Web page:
Grammar: Clauses

here are the lessons matching your criteria

What are Clauses in English Grammar?

In English grammar, a clause is a group of words that contains a subject and a predicate. Clauses can be classified into two main types: independent (main) clauses and dependent (subordinate) clauses.

Independent Clauses: These clauses can stand alone as a complete sentence. They express a complete thought.

Example: "She loves to read."

Dependent Clauses: These clauses cannot stand alone as a complete sentence. They depend on an independent clause to make sense.

Example: "Because she loves to read" (This needs an independent clause to complete the thought, such as "Because she loves to read, she visits the library often.").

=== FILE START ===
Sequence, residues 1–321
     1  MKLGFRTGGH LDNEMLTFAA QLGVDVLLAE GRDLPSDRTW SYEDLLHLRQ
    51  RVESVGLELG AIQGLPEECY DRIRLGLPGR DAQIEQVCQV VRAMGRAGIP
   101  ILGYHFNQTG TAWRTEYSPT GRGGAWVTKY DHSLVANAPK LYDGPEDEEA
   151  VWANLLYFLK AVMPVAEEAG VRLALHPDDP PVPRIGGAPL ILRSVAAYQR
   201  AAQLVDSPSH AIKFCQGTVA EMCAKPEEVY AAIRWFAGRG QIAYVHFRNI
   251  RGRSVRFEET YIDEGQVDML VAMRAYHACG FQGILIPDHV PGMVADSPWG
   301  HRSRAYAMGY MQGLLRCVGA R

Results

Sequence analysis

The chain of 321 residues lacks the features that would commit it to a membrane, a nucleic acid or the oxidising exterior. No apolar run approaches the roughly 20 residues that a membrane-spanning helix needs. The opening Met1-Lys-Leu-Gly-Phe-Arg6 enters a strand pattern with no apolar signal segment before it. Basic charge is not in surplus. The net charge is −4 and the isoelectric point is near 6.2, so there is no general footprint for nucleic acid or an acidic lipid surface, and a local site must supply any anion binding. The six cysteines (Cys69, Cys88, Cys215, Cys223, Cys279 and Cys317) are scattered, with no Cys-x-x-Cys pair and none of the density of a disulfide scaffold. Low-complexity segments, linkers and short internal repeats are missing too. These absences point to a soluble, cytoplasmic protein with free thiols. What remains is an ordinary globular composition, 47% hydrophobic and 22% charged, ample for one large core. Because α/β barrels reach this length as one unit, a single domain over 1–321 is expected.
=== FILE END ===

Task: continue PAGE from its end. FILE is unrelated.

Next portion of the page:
Differences in Clauses Between American and British English

While the basic structure and function of clauses are the same in both American and British English, there are subtle differences in usage. American English uses "that" for defining and "which" for non-defining clauses, while British English is more flexible, often using "which" for both. For adverb clauses, American English uses "while" for both "at the same time" and "although," whereas British English often uses "whilst." American English places a comma before "which" in non-defining clauses, a practice also seen in British English but with more flexibility. These differences mainly reflect slight stylistic variations.